Quilting Blog

Create Your Own Portable Design Wall (It’s Easy!)

While we’d all love a quilting room with a huge design wall, not everyone has an entire wall that they can dedicate full-time to crafting. So we turned to Craftsy instructor Nancy Smith, who shared a great idea for a space-efficient portable alternative. Just use it anywhere and stash it in any room or closet — no wall space required.

Quilt Inspiration Board How-To

Here’s what you’ll need:

Portable Quilt Board Materials

Here’s what to do:

Step 1:

Using your utility knife, cut the foam core to your desired dimensions. (We chose to cut multiple smaller boards, but you can go as big or small as suits your needs.)

Step 2:

Cutting quilt batting with rotary cutter

Using your scissors or rotary cutter, cut a piece of batting large enough to cover the front of your board and fold over onto the back. (No need to completely cover the back of the board — just make sure enough batting is available to attach the edges to your board.)

Step 3:

Ironing out battingIron your batting to smooth out any wrinkles.

Step 4:

Spraying adhesive to quilt board

Apply spray glue or preferred adhesive to the front of your board.

Step 5:

Center batting on foam board

Center batting, attach it to the adhesive and let dry.

Step 6:

Apply spray glue or preferred adhesive to the sides of your board, as well as the area on the back where you will attach your batting.

Step 7:

Folding batting over board

Fold batting over the sides and onto the back of the board, attaching it to your adhesive as you go. (On the back, fold the excess fabric at the corners as you would a gift.)

Step 8:

Your design wall is ready! If you’d like to hang it, you can do so safely by following the directions on your 3M Command™ Strips packaging.

Step 9:

DIY Quilt Design Board

To use use your design wall, just stick fabric pieces straight to the batting — no pins required!

Get more expert tips for getting your makerspace ready for quilting season here.



Thank you for this! I live in a small house with very little room to spare, and definitely not enough for a design wall. This will definitely help!

Christina in FL

And I adore the foam core board! IF I need to use pins, I can, but I don’t have to with the batting. 🙂 And my pieces on the board are art as well. 🙂 Winner idea, thanks!

Wanda W

This might be a dumb question but what is Foam core insulation board and where do you get it?

Jenny G

Foamcore is two poster boards with stiff foam between. You can find it at any craft or art store, probably also at Walmart or Target near the art supplies.


Foam core insulation board is a rigid polystyrene or polyurethane product formed into sheets that are used mainly in building construction. Lightweight and easy to handle.

You can find it at Walmart, Lowes, or Home Depot, just to name a few.

Jean Bosse

Michael’s and Hobby Lobby also carry it.


You can also use flannel instead of batting. It is a lot cheaper and lots of variety if you want to leave on your wall.

Kathie Fleming

I use the back of cheap vinyl tablecloths.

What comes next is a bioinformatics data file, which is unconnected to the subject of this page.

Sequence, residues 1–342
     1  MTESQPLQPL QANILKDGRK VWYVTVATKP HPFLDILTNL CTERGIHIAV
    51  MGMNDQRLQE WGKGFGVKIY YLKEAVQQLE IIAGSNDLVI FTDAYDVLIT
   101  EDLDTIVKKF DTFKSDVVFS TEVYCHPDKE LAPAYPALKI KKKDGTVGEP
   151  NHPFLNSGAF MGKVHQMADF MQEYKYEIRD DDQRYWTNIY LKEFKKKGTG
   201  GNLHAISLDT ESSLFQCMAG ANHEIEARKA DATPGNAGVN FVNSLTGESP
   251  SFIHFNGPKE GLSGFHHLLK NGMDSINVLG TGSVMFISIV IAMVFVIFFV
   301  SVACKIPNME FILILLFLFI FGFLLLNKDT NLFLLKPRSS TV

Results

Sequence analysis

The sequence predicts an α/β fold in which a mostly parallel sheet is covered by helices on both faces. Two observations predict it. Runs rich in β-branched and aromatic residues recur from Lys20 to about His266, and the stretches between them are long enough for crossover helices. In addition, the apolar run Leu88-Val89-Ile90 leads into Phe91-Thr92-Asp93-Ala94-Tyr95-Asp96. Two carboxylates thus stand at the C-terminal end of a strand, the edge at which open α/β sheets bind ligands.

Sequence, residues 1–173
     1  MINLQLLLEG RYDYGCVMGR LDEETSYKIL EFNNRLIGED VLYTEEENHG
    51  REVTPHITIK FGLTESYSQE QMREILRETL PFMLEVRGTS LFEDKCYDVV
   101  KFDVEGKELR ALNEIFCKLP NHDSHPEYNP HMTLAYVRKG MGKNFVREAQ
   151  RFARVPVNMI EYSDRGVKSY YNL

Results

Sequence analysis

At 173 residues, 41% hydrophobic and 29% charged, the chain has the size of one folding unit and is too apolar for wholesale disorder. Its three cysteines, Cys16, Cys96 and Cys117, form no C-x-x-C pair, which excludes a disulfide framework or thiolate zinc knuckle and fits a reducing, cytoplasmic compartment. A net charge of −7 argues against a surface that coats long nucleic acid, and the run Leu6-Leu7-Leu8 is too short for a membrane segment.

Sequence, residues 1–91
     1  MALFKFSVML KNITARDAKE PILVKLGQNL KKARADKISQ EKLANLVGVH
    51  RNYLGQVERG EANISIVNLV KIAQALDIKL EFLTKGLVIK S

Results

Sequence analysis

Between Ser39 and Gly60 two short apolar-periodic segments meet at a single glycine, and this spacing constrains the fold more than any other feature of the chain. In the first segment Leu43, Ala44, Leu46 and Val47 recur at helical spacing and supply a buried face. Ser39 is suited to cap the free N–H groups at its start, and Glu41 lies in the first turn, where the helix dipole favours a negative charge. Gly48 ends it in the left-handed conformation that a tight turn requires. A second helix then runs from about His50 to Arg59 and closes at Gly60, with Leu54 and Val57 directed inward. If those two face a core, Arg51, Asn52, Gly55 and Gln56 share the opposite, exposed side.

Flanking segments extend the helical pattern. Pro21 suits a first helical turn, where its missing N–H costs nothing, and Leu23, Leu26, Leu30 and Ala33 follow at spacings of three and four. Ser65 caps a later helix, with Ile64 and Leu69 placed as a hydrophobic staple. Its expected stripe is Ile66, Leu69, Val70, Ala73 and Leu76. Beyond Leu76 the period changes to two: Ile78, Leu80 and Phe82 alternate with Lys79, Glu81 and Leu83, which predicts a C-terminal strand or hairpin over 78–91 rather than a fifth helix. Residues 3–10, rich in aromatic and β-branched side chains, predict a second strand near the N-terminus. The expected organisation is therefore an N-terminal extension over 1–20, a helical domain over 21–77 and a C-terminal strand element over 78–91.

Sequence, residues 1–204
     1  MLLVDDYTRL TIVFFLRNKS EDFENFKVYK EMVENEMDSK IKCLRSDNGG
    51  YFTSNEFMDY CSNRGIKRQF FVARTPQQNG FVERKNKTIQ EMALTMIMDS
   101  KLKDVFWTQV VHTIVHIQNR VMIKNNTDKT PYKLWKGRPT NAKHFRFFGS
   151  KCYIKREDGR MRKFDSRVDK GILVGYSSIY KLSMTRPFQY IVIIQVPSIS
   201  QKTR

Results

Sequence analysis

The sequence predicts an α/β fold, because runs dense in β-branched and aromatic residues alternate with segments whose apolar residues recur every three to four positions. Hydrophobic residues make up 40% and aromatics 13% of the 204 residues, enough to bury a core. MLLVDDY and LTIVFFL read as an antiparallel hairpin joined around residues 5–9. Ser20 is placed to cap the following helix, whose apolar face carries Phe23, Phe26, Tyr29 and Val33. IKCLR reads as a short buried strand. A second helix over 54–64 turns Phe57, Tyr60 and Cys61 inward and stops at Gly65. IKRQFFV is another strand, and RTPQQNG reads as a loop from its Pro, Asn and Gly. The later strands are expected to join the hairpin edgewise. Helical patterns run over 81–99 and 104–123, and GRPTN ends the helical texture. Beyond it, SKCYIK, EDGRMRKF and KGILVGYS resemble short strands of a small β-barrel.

Spraybasting helps pieces stick and can be simply repositioned over and over but pieces adhere to flannel back. I also use this to spray baste smaller projects.

Ria Favoreel

I used black felt …

Sunny Chandonais

Great idea IF you have space to hang it. A good friend did something like this but instead made a folding “design wall” similar to a room divider. She stores it in front of her closet stash and folds it up when not in use. It folds in two parts and gives three large spaces to hang pieces on.


Is your friend’s design wall made from foam core board for her folding panel? If so, how did she attach the panels together?

Thanks for sharing!


Place boards together and use duct tape. Tape down the side like book binding. You can fold in half for storage under bed, in closet…..open for use.


This is perfect. I’ve been looking for directions for a design wall. I want to attach it to a wardrobe closet sliding door (in my sewing room). I was figuring it out myself but these directions make it easier. Great tip. Thanks

Ana from The Lost Apron

What kind of iron and ironing board (with the grid) are used in the photos above?


Looks like a portable cutting/ironing board. One side cutting mat and the other an ironing surface.


Follow-up answer……. June Tailor Quilter’s Cut’n Press II


I made a portable design wall a couple of weeks ago and I love it! I used a tri-fold foam core board, glued the fold seams to keep it flat, and covered it with a large piece of felt that was leftover from another project. I added a length of ribbon to the back to fit over the command hooks I put on the outside of my sliding closet door. It works perfectly!
it’s about 28″ by 40″ and I have 15 blocks (9″) on it ready to put together. I saw one that was 36″ square that cost $89. I couldn’t possibly spend that much money for a design board! I’d rather use it to add to my fabric stash. Happy quilting!

Mariette Forget

Hi! Thanks a million for showing us how to make a design wall!

Nancy Johnson

My design wall is a $3 vinyl table cloth from Big Lots, and 3 , 3M hooks. When I quilt . i hang the 3 hooks on any wall . and hang the tablecloth flannel side out and viola. I can layout all my blocks, stand back admire, photo and change around. When I’m done I can fold it up and put it with my other table clothes.

Lois Michielli

What an awesome idea! You could even lay it out on a spare bed!


Plastic coreboard is what the auto dealers use for outside advertising signs. Because they usually change the signs every month, you may be able to get one from them when they are finished with them. There are two sizes, and the larger one folds in half. You could always use one of these and just cover with either flannel or batting.


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